Of course, feel free to transpose up or down as you please.
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1nfinitezer0
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Re: music theory for techno!

Post by 1nfinitezer0 » Mon Jan 04, 2010 10:28 pm

yur2die4 wrote:The consistently plodding bassdrum represents elapsing time. It might seem simple enough on its own, but when embellished with various other percussive elements, you give the impression that the space between elapsed time is becoming more and more frantic. Play with giving that bassdrum a push using all your other percussion elements. Tension. Then decide which direction you want time to flow using the bassline. Forward, backward, left, right, up, down, repeated glitch in the matrix, deja vu. You are the master of time and space. Once you've committed to all that, the rest of the synths are depending on personal intent and taste :P
I really love this answer, thanks. Not a practical approach, but a metaphysical purpose for making your own sound within the techno paradigm. Cool. More important than technique maybe?

1nfinitezer0
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Re: music theory for techno!

Post by 1nfinitezer0 » Thu Jan 07, 2010 1:42 am

sigmainfotech wrote:hi...
i am quite new here..
hope you all help me out....
what exactly are you getting at? social experiment? artistic reflection of electronic music's repetitive nature?
http://forum.ableton.com/search.php?aut ... 9&sr=posts

yur2die4
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Re: music theory for techno!

Post by yur2die4 » Thu Jan 07, 2010 2:03 am

Reminds me of an NPC in an RPG :P :P

muckleberryblim
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Re: music theory for techno!

Post by muckleberryblim » Thu Jan 07, 2010 2:28 am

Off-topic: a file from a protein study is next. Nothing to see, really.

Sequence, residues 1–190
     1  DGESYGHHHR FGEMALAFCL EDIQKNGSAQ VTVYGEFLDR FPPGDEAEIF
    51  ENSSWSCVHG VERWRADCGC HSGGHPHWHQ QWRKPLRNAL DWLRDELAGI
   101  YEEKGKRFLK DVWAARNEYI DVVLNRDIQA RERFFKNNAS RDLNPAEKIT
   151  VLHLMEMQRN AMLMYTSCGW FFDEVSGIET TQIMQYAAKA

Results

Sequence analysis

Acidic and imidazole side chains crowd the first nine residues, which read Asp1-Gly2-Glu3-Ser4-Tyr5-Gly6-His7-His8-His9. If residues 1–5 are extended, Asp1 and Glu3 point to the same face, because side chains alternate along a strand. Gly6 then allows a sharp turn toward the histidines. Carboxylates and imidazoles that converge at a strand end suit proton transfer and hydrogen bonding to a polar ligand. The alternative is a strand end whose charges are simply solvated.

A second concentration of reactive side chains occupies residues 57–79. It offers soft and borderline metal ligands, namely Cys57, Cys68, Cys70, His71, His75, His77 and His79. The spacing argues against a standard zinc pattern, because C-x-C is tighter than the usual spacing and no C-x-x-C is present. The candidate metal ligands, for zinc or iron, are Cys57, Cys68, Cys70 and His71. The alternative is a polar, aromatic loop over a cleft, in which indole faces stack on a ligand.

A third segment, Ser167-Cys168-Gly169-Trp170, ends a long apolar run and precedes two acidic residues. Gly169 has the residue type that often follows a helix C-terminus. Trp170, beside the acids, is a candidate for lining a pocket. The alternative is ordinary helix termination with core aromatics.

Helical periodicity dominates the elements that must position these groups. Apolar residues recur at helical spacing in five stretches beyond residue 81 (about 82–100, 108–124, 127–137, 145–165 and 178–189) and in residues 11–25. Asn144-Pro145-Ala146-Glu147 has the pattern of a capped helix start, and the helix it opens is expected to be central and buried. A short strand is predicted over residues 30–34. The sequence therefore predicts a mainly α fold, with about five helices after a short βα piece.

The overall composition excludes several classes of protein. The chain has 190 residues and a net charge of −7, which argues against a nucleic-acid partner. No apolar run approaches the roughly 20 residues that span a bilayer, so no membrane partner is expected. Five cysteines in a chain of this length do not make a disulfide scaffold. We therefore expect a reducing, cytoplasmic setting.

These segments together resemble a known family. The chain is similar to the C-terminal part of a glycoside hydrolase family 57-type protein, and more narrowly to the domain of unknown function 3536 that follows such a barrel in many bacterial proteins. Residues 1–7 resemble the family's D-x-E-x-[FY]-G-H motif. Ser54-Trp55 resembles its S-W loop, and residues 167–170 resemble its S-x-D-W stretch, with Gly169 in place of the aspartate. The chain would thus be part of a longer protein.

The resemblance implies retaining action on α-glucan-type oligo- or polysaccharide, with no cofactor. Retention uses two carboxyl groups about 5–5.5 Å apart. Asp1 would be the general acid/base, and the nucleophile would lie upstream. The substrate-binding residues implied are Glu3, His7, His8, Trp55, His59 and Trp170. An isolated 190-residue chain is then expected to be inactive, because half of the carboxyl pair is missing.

elements have to "balance". i.e. thumping kicks need to be offset by piercing hats and everything in between needs to FLOW. think of writing rhythms like melodies, i.e. with continuity and direction.
or just go boom tish crack tish boom tish crack tish and stick some shit over the top.

davepermen
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Re: music theory for techno!

Post by davepermen » Thu Jan 07, 2010 9:46 am

1nfinitezer0 wrote:
sigmainfotech wrote:hi...
i am quite new here..
hope you all help me out....
what exactly are you getting at? social experiment? artistic reflection of electronic music's repetitive nature?
http://forum.ableton.com/search.php?aut ... 9&sr=posts
some spambot was able to register and searched for "friends" :)
http://davepermen.net my tiny webpage, including link to bandcamp.

ashtonron
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Re: music theory for techno!

Post by ashtonron » Thu Jan 07, 2010 11:18 am

use the 909 drum racks that come with live... thats a good starting point if you are after that early techno sound.
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magestro
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Re: music theory for techno!

Post by magestro » Thu Jan 07, 2010 11:38 am

no offense, but musictheory/techno seemed like an oxymoron to me :)

no serious i listened a lot to techno, but i guess, that would be my tip:

Listen and rebuild some of your favorite tracks, put em on an audio track in ableton and there you go. TRy to rebuild one by one BD, HH and so on, try to match the sounds

It ain`t to hard at the beginning, it gets hard, by the time you want to form/create your own vision, that sounds fresh for all those serious and interested people in that genre.